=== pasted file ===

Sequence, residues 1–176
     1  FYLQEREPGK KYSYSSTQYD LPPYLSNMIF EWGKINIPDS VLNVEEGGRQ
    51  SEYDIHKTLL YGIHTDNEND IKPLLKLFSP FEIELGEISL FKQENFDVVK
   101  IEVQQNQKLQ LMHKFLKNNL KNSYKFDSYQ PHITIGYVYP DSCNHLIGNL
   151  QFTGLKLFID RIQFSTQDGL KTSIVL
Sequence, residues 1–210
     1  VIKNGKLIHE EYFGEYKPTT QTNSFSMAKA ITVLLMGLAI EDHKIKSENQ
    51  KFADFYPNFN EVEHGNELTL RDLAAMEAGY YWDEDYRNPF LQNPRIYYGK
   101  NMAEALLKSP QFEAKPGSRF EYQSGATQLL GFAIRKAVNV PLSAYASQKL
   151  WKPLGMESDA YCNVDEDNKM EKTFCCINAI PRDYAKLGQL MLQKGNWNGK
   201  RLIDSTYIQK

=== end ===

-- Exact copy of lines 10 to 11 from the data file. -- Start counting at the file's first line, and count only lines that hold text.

   151  WKPLGMESDA YCNVDEDNKM EKTFCCINAI PRDYAKLGQL MLQKGNWNGK
   201  RLIDSTYIQK